Texas Gov. Greg Abbott, R, signaled he may halt or reverse the state’s economic reopening if the covid-19 contagion continues to expand at what he called an “unacceptable rate.”
Citing a doubling in the positive-test rate to almost 9%, as well as surges in new cases and hospitalizations, Abbott on Monday urged residents of the second-most populous U.S. state to voluntarily wear masks and take other precautions.
Abbott’s remarks underscore a political quandary in Republican-led states that were among the vanguard in reopening across the U.S. While covid-19 cases are rising, and events like President Donald Trump’s weekend rally in Oklahoma sow additional concern about more infections, the GOP governors’ all-in embrace of ending lockdowns makes it difficult to start reapplying restrictions to public life.
The outbreak is accelerating at “an unacceptable rate and it must be corralled,” Abbott said during a media briefing. “If those spikes continue, additional measures are going to be necessary.”
Abbott said he’s stopping short of decreeing unspecified “stronger measures” because hospitals still have ample bed capacity for covid-19 patients. But if positivity rates and hospitalizations should double in the next few weeks, the situation would be “urgent” enough for him to reconsider.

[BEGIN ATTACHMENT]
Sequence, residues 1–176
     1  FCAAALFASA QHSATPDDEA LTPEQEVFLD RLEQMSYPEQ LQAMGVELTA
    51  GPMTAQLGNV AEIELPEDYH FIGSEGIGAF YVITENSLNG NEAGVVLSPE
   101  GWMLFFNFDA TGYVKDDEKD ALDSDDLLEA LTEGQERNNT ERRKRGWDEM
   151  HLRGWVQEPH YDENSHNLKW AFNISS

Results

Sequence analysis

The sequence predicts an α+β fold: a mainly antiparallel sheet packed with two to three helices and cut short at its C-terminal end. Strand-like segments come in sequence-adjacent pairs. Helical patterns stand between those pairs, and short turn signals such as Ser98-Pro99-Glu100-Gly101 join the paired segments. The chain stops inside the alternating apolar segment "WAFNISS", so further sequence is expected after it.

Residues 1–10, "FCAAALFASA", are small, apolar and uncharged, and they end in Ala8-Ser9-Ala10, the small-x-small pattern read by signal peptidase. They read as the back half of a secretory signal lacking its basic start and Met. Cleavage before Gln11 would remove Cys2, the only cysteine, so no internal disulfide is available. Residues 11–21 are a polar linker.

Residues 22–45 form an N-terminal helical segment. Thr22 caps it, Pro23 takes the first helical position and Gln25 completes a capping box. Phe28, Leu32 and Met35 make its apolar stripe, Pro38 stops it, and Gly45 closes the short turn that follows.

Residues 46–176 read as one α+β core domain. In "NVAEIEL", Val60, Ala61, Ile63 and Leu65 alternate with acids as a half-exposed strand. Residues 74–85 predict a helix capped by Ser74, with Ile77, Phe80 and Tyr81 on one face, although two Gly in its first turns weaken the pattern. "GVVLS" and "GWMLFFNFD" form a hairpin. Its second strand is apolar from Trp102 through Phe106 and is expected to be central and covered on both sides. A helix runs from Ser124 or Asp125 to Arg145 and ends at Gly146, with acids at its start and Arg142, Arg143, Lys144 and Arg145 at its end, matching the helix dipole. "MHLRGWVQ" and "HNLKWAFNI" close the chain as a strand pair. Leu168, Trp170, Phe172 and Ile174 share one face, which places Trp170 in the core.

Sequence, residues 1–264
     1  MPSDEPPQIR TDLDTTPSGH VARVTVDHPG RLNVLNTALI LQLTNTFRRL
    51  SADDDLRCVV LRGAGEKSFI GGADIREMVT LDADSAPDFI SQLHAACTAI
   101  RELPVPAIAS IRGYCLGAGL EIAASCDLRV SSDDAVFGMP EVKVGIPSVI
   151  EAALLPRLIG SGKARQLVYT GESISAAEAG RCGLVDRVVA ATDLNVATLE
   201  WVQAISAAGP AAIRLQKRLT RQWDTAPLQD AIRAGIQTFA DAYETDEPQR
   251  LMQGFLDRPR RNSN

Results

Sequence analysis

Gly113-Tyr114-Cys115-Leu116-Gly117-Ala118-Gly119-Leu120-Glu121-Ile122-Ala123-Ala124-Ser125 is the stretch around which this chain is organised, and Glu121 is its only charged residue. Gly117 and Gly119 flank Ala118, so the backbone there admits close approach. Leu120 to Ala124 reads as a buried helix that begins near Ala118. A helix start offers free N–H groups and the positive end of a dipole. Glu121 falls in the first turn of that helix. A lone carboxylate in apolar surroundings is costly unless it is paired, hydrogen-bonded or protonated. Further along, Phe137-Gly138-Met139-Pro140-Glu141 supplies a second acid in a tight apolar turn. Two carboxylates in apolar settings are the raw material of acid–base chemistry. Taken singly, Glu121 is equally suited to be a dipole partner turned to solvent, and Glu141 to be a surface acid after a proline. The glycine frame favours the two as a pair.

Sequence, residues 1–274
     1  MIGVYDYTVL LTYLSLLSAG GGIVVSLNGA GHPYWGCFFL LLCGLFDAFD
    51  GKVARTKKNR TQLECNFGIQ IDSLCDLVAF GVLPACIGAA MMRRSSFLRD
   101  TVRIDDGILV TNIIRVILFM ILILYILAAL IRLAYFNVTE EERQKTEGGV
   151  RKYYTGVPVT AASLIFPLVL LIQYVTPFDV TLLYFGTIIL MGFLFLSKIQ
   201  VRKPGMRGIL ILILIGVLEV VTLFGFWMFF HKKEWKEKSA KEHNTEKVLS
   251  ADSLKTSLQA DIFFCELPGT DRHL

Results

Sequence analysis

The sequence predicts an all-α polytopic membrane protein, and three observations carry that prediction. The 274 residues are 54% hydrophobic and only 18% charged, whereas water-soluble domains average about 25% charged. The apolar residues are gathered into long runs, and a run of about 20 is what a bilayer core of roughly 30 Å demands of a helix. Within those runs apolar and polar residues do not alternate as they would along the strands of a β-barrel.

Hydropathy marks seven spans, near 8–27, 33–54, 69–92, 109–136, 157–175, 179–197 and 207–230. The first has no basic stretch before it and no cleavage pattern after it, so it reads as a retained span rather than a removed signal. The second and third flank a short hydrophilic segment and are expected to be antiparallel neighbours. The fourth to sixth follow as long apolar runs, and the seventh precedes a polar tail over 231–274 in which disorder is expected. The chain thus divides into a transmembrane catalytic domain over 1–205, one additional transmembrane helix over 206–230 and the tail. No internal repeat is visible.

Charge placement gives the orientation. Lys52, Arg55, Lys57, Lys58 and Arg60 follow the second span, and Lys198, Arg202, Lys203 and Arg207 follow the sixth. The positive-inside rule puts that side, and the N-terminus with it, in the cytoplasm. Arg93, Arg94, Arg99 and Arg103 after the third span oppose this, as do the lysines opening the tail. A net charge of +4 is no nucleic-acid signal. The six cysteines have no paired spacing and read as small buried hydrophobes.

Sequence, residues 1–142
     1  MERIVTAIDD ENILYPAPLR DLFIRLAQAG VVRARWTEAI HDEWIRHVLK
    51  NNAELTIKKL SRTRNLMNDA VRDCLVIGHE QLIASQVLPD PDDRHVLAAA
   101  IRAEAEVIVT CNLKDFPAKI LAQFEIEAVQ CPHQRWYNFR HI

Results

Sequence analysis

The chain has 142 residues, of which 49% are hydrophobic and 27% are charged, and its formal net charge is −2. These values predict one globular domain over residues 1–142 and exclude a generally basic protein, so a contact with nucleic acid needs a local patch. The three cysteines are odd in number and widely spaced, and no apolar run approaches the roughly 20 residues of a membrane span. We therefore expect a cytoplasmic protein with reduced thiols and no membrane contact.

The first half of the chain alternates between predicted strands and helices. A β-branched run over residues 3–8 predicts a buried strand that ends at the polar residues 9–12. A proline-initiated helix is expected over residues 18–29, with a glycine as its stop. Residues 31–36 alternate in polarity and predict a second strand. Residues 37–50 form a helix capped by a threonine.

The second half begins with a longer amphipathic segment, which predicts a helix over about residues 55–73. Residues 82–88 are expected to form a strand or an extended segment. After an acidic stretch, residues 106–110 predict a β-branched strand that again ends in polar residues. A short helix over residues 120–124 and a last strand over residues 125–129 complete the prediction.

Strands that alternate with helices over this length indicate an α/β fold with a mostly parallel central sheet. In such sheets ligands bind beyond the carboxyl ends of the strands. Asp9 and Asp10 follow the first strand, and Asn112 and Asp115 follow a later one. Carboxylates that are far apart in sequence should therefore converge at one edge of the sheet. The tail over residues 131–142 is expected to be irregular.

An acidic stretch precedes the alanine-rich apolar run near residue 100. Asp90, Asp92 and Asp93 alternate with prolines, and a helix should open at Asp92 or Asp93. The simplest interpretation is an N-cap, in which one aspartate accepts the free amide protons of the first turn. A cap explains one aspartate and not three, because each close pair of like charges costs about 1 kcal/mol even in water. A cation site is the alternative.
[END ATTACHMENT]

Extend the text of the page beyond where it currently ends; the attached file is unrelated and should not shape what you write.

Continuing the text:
“Closing down Texas again will always be the last option,” Abbott said.
Texas’s positive-test rate climbed to 8.94% on June 19, the highest since April 21, according to state health department data. Hospitalizations have more than doubled this month to 3,409 as of Sunday, the most recent data available.
Although Abbott focused on voluntary measures he urged individuals to take — such as avoiding crowds when possible — he said state regulators have begun shutting taverns that weren’t enforcing social distancing. County leaders in several of the state’s biggest metropolitan areas recently began mandating that businesses require customers to mask up.
(c) 2020, Bloomberg · Joe Carroll